Roneen wrote:I have a question to ask which has to do with Satori/Kensho. I recall reading somewhere that simply because one has an satori or kensho experience that this is not an indication of nirvana or having arrived at buddha-mind with any degree of permanence. As I understand it, there is still great danger in the satori/kensho experience because it can mistaken buy the ego mind as something definitive or absolute and thereby more firmly ingrain delusion. IOW, the satori/kensho experience can be misleading and cause people to develop an erroneosu perception of reality, possibly, on the order of a David Koresh or Charlie Manson.
I was wondering if anyone could list some Buddhist writing (or any) that may speak more on how the kensho/satori experience can be dangerous or misleading? The only teaching I can remember regarding it is something Hakuin may ave mentioned about how he awoke and then became enraged or his ego was activated or something like that?! I could be wrong about the source.
The gist of this view of practice is that kensho is not, for the great majority of people, final completion of the Way or liberation. Subsequent cultivation is thus required. Kensho is constantly returned to as the basis of that cultivation, which is why it is considered the beginning or gate of Zen practice.
Danger exists when one-time kensho is thought to be itself sufficient, and so subsequent cultivation is not undertaken. Since delusion/dualistic habit is not uprooted it re-asserts itself...likely bolstered now by the belief that one has attained a special wisdom setting oneself apart from others. So kensho can become just another thing propping up self. The liberative energy and capacity of the recognition ultimately fades, and one is left with a memory of an experience that is clung to.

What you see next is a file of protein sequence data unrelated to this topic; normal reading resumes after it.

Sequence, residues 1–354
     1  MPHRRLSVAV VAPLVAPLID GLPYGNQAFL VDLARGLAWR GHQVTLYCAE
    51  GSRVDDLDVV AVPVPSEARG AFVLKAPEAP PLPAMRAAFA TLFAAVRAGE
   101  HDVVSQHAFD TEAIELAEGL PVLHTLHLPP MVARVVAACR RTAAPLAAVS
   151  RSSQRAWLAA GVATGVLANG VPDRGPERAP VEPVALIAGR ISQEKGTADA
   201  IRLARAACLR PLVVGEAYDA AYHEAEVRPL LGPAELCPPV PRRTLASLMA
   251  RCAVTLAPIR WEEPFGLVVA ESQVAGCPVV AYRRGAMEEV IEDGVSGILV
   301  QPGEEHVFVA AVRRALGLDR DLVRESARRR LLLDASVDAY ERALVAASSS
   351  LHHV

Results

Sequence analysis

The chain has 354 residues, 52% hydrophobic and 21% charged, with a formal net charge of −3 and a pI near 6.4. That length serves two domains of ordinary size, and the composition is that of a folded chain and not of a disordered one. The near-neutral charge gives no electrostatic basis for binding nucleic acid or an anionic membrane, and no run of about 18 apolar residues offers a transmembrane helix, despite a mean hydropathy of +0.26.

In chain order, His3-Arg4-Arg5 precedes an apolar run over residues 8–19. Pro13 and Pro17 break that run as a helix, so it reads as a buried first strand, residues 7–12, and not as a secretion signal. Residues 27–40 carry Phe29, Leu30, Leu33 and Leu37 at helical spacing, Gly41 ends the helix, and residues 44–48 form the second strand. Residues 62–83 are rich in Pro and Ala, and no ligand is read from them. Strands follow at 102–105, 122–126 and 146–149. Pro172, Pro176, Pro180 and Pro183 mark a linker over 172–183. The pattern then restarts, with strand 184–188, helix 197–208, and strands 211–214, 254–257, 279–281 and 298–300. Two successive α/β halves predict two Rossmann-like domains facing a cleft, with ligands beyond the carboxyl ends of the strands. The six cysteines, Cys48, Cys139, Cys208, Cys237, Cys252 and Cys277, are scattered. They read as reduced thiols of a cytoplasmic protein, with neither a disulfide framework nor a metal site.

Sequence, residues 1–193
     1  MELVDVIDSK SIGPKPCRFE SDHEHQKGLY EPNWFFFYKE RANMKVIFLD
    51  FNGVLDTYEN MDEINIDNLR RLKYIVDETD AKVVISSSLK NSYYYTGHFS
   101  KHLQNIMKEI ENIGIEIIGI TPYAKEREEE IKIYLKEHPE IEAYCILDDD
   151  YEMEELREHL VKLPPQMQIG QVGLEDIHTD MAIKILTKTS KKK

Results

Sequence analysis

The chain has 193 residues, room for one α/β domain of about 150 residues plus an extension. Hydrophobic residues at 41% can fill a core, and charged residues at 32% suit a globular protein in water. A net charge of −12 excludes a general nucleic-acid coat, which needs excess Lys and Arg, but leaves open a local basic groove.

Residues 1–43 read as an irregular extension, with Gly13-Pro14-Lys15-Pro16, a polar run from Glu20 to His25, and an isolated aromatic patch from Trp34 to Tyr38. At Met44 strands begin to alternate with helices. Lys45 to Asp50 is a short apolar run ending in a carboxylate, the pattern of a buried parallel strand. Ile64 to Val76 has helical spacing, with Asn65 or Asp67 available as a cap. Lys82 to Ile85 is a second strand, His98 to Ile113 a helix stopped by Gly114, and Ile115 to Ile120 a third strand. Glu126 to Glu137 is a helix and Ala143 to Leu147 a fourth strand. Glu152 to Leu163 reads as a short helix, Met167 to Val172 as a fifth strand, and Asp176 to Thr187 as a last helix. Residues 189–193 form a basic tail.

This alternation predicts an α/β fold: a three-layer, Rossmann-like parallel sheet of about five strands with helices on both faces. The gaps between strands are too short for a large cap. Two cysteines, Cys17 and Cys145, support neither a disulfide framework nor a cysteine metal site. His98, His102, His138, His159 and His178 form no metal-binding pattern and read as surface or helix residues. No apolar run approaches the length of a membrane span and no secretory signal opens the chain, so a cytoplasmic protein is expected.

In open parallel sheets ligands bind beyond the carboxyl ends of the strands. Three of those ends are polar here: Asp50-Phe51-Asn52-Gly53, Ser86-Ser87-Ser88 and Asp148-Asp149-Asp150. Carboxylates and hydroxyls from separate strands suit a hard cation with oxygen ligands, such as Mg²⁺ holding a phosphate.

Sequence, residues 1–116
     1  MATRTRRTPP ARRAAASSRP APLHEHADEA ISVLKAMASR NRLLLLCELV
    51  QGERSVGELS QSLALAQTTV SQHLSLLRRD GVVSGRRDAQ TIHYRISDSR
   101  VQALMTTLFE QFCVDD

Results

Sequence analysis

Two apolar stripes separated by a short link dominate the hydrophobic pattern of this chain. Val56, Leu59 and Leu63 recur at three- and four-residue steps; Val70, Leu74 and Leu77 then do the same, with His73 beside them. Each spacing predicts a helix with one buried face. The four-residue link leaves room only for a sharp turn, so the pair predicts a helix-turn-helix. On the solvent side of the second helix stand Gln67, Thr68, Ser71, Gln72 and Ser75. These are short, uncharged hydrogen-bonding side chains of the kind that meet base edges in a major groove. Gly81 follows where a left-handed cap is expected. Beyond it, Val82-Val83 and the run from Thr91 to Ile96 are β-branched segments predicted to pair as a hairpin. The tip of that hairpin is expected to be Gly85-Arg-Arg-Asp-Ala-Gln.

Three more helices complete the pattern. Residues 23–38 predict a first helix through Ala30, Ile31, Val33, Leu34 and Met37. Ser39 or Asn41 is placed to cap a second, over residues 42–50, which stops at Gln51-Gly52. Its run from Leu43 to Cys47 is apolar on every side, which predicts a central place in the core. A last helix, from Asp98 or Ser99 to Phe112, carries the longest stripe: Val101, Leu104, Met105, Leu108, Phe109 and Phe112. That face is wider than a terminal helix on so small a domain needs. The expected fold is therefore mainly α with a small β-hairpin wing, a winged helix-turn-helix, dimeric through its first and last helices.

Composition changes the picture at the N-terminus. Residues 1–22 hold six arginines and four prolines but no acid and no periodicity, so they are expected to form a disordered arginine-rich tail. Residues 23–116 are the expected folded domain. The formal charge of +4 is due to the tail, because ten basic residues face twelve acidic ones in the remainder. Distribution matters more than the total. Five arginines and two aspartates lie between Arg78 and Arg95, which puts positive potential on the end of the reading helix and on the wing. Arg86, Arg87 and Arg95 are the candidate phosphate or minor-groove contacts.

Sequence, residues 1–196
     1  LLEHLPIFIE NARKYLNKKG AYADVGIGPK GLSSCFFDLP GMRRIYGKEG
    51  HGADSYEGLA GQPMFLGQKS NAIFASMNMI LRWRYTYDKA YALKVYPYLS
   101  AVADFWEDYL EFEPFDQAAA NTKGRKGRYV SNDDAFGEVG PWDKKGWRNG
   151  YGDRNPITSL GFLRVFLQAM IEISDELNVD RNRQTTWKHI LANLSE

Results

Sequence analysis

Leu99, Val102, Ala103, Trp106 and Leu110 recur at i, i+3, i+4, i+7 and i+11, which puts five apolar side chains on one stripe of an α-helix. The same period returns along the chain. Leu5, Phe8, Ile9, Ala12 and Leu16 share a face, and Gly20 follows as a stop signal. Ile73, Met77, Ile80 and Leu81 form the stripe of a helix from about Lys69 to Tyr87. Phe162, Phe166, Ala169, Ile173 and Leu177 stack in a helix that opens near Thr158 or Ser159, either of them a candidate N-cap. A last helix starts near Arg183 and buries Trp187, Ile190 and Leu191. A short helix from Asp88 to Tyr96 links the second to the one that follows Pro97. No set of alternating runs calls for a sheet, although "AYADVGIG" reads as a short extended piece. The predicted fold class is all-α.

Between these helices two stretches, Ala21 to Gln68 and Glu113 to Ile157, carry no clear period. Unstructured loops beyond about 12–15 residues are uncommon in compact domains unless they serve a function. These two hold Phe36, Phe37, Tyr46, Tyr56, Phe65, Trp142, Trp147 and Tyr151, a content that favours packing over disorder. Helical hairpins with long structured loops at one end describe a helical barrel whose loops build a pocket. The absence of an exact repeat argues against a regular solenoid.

I would not say that kensho can make a Charles Manson. I would say that a potential Charles Manson experiencing kensho would likely come to use it to bolster existing deluded tendencies. Most of these kinds of figures who have so-called mystical experiences, however, are not experiencing kensho; they are experiencing what in Zen we'd call unified or deep samadhi states, in which one can feel one with the universe and so on. In other words: not wisdom, not experiences of no-self, but experiences of really big, expansive self transcending time, space and individual existence. The "I am God" and "I am beyond morality" kind of thing can come out of that.
Among a Zen teacher's jobs is to make sure that the student does not fall into these traps, and continues to cultivate in whatever manner is appropriate.
Some good resources already mentioned, like the Surangama and Hakuin's Keiso Dokuzui
(commentary on the 5 ranks, you can find it online). Torei Enji's Shumon Mujintoron
also lays out the path, from kensho through subsequent cultivation to its actualization as embodied realization.